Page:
Tell us about undergraduate research opportunities you’ve taken advantage of at UTEP? This year, I have had the privilege of being selected to be a part of UTEP’s third cohort of the HSI Pathways to the Professoriate Fellowship. This program, funded by the Andrew Mellon Foundation, was created in an attempt to prepare undergraduate students in the humanities to pursue a career in the professoriate and better represent the number of Latinx in academia. It is through this program that I was offered multiple resources to apply for graduate school, superb mentorship, and the opportunity to develop and expand my research in Chicanx Activism through Literature. I will be presenting my research project completed through the program, titled: “La Malinchista, La Activista: Non-Traditional Activism in Chicana Literature” at the HSI Pathways Cross Institutional Conference in New Jersey in February of 2020.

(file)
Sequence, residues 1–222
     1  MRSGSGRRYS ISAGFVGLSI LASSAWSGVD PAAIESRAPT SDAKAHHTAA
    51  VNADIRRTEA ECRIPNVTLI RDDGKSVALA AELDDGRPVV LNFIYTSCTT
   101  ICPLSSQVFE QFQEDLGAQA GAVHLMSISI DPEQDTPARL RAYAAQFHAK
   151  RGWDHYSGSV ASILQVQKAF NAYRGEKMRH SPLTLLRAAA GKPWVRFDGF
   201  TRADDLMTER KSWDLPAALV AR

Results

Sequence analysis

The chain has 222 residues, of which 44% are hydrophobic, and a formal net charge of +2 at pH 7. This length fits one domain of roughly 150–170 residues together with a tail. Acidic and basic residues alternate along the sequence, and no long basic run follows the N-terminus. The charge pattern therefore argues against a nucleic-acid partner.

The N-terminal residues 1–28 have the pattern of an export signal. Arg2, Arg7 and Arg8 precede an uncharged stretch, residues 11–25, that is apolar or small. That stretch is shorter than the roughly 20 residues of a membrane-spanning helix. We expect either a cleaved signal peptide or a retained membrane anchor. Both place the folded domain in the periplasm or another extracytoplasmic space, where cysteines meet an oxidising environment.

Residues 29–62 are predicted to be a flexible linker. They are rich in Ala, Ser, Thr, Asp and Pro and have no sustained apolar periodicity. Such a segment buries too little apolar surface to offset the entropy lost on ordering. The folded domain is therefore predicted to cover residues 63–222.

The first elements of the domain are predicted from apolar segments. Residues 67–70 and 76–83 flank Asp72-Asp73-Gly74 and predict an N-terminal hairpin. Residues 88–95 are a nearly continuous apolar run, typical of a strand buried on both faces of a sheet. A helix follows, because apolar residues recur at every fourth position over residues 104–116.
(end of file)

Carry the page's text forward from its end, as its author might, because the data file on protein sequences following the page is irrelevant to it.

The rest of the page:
What are your career aspirations? I plan on attending graduate school and studying Chicanx literature and activism. After completing my PhD, I hope to teach Chicanx Literature at the collegiate level, while becoming a part of the 2% of Latinas with graduate degrees. I also plan on pursuing a political career, as I hope to run for public office one day and represent the El Paso community in U.S. politics.

What’s your favorite UTEP event, and why? My favorite UTEP event is Minerpalooza. It is an amazing opportunity for UTEP students, alumni, faculty, and members of the community to come together to celebrate our campus and our community. I also particularly like the platform that Minerpalooza affords to student organizations, to connect with, and engage with UTEP students in a fun and informal environment.